list; if so, does that introduce possible concerns related to privacy,
security, and auditing?

7. Please expand "ICE" on first use (Section 1) and in Section 3.4.

8. Section 3.6.1 states that "the node does a DNS SRV lookup on the
overlay name to get the address of a configuration server"; a forward
reference to Section 10.2 would be appropriate here. Also, a reference
to RFC 2782 seems in order here.

9. Section 3.6.2 states that "the enrollment server's ability to
restrict attackers' access to certificates in the overlay is one of
the cornerstones of RELOAD's security"; by "access" seems to be meant
"privilege to be granted its own certificate", not "capacity to know the
certificates of other nodes".

10. Section 4.1.1 states that "only a user with a certificate for
'alice@example.org' could write to that location in the overlay". At
least a forward reference to Section 10.3 would help, which is the only
place where the user name is a define as an rfc822Name (at least in the
certificate). Furthermore, it would help to more clearly specify how
a user name prepared and compared for authorization purposes.

11. In Section 5.1, what exactly does it mean for a peer to "pass a
message up to the upper layers"?

12. Is there a reason why the end-to-end reliability mechanism in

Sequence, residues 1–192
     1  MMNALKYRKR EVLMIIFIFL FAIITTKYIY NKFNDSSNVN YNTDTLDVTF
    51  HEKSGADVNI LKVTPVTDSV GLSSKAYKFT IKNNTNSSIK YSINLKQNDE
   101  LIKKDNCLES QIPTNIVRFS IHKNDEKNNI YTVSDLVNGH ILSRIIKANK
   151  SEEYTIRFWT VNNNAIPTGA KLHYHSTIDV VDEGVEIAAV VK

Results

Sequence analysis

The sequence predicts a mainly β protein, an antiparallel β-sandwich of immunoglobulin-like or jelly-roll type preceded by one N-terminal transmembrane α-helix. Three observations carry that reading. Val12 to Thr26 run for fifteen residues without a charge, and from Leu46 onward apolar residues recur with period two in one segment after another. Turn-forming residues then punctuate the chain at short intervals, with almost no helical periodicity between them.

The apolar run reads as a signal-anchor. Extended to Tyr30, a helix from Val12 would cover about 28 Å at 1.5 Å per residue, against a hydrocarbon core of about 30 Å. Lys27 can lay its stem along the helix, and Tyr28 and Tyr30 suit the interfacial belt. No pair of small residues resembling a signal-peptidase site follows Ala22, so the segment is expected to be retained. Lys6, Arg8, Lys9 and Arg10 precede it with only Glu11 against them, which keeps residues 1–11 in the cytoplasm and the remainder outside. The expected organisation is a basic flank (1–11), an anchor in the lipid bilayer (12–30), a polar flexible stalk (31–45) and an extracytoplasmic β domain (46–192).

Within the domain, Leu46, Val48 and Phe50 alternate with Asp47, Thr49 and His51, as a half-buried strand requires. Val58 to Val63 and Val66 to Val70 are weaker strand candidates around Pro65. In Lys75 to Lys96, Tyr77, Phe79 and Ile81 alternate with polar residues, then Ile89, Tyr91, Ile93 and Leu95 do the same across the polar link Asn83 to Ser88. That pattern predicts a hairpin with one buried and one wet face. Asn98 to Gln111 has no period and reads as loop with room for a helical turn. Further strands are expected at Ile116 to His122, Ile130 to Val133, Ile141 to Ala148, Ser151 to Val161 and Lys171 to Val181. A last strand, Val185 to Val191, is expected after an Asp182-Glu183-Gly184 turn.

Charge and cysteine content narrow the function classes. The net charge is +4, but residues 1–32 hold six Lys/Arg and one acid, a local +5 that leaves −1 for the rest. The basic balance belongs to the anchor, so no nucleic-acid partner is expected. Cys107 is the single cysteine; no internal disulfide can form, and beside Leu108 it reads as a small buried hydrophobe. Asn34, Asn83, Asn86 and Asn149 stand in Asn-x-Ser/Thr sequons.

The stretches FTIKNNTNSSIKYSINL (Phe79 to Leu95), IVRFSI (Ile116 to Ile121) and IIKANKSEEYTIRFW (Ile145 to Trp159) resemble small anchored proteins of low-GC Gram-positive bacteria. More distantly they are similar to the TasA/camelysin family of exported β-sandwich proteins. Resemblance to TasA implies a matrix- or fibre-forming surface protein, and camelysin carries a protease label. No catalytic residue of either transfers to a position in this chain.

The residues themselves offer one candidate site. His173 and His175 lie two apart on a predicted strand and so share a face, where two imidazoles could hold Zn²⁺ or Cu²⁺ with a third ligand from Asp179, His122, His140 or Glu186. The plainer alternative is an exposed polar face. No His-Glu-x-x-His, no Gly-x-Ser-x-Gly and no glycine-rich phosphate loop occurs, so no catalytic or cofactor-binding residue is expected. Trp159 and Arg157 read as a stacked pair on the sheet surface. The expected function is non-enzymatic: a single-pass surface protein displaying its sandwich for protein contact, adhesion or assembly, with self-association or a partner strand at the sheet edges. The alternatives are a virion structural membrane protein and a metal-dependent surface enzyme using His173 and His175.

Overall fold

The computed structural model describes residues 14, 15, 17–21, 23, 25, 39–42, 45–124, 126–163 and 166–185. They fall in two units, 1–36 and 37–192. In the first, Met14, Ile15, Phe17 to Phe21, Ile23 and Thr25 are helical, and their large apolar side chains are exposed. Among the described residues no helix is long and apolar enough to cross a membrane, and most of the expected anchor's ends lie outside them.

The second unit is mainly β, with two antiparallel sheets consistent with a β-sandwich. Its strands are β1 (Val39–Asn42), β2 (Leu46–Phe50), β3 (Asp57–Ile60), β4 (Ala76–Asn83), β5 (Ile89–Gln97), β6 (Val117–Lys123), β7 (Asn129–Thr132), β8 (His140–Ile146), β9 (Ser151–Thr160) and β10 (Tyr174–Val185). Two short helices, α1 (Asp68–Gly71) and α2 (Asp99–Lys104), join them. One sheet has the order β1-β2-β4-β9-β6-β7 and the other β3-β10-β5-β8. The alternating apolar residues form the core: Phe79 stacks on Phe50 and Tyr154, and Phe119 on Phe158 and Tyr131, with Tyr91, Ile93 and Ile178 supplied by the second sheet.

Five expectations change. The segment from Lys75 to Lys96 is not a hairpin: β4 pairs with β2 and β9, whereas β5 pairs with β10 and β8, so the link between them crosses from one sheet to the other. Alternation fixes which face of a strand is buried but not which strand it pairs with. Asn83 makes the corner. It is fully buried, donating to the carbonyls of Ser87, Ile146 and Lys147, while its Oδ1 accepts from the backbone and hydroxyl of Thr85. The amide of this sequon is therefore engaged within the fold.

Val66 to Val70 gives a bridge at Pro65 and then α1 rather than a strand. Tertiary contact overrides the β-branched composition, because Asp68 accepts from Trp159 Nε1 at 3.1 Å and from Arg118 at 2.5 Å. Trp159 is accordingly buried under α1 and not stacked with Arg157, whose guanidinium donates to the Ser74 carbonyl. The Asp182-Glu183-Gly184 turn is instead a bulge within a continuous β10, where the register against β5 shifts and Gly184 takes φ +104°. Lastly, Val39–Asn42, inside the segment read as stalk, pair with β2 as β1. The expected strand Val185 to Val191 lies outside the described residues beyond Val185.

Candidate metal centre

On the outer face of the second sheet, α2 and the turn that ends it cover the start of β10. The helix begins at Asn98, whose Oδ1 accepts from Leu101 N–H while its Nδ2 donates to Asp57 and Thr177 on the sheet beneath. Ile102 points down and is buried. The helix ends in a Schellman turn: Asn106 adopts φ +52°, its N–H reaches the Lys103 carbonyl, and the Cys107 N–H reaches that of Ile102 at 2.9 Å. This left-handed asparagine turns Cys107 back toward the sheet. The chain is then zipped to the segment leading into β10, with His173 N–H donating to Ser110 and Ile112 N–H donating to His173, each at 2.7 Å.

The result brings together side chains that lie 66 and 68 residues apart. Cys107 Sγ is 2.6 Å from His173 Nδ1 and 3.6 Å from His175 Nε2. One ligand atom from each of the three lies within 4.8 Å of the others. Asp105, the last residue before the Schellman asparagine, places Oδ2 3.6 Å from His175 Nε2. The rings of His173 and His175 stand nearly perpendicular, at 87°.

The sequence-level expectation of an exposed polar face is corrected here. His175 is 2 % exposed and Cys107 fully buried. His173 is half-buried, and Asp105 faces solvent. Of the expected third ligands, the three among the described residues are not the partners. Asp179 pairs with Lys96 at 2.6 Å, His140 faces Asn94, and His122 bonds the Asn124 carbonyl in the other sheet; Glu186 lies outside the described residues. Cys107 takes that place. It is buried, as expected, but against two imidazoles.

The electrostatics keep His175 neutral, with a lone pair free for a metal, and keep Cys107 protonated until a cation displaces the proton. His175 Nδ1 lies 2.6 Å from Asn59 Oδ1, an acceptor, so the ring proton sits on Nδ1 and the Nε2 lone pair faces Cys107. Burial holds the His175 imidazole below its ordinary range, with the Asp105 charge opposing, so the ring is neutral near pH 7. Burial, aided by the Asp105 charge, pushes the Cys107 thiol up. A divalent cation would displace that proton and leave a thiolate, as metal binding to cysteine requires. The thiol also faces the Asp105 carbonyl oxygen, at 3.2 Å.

Section 5.2.1 doesn't recommend exponential backoff on retries?

13. Section 5.3.2 states that "transaction IDs ... MUST be randomly
generated"; perhaps a reference to RFC 4086 is in order?

14. In Section 5.3.3.1, it would be good to state whether the
"error_info" text is intended to be presented to users (if so, we might
need language tagging).

15. In Section 5.3.4, what exactly is "the identity used to form the
signature"? It appears to be a Node-ID (or a hash thereof), but it would
be good to make that clear in the definition (e.g., could it also be a
Resource-ID)?

16. In Section 5.5.1.1, are "srflx", "prflx", and "relay" as defined for
Candidate Types in ICE? The "type" is said to "correspond to the
cand-type production" but it might help to point a bit more directly to
RFC 5245.

17. Section 6.4.1.3 mentions previous versions of RELOAD. Given that no
references are provided, is that mention helpful?

18. The <self-signed-permitted/> element is of type xsd:boolean; please
note that this datatype has two lexical representations, "1" or "true"
for the concept true and "0" or "false" for the concept false. You might
want to point this out to implementers. The same applies to the other
elements with a datatype of xsd:boolean (no-ice, clients-permitted,
etc.).